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Digital Supply Chains and 3D Printing Come to Alaska via Ivaldi

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Ivaldi Group has entered into an agreement with the Alaska Ocean Cluster to explore how digitized supply chains and on-demand manufacturing could contribute to the revitalization of Alaska’s coastal ocean economy. Alaska Ocean Cluster is a startup accelerator that was founded in 2020, dedicated to promoting innovation in Alaska’s maritime and other ocean-related industries.

Image courtesy of Wilhelmsen

As the organization puts it on its website, “With over 33,000 miles of shoreline, 158 coastal communities, and one of the largest, most sustainable wild-catch fisheries in the world, Alaska is an ideal location to develop, test, and commercialize new ocean technologies.” As such, Ivaldi, which specializes in additive manufacturing (AM) based logistical solutions for the maritime industry, is a perfect recipient of Alaska Ocean Cluster’s funding.

Image courtesy of Ivaldi Group

Ivaldi’s principal investor is the Norwegian company Wilhelmsen, which operates the largest maritime network in the world. Thus far, outside of Singapore, one of the main hubs of global maritime traffic, and one of Wilhelmsen’s primary operating locales, maritime 3D printing has lagged behind other comparable sectors, like aerospace and automotive. However, increasing interest and investment in the technology from the U.S. Navy indicates that maritime could soon enough be an area of significant growth for the 3D printing sector.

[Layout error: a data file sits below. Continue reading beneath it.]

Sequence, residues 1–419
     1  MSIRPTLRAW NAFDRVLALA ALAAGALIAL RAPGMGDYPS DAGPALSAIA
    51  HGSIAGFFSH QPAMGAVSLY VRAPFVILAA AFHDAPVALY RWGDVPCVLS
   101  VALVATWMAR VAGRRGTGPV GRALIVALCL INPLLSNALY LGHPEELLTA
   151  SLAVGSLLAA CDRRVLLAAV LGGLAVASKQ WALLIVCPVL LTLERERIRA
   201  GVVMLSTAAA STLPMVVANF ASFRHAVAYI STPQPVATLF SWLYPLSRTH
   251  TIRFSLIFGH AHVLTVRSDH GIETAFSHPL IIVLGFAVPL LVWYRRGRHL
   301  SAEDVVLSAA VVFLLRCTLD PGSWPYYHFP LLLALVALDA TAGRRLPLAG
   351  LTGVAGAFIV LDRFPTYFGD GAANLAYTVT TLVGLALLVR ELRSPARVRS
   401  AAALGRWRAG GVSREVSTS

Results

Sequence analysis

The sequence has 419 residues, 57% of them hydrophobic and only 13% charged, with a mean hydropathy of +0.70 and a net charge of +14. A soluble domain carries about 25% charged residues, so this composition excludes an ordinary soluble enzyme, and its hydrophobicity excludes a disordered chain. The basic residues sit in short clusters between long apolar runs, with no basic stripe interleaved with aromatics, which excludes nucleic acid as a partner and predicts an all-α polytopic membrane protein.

Valdez, Alaska. Image courtesy of Wikipedia

Alaska has the third-highest number of maritime workers per capital of any U.S. state, and includes the city of Valdez, which is the southern terminus of the Trans-Alaska Pipeline System (TAPS), one of the world’s largest crude oil pipelines. Considering that SmarTech Analysis projects 3D printing for oil and gas to generate over $1 billion in revenues by 2029 (see “The Market for Additive Manufacturing in the Oil and Gas Sector 2018-2029“), the combination could lead to Alaska becoming a surprising region of growth for AM. This is the case especially given Alaska’s being the U.S.’s most sparsely-populated state, yielding the need to maximize labor out per person, which is an objective AM can certainly make a significant contribution towards.

Moreover, increased incorporation of AM in the maritime industry would inevitably have consequences for AM reverberating far outside this sub-sector. Ivaldi’s business model, for instance, relies on a network of 3D printing service bureaus being in place in the areas where its customers operate. The more the maritime industry adopts AM, the more incentive and momentum there is in the direction hubs of maritime traffic also becoming hubs for AM. The most exciting angle to this is the fact that maritime traffic hubs are of course also the key geographical links in global supply chains, further multiplying the potential for streamlining global commercial traffic, the more that the maritime industry adopts AM.

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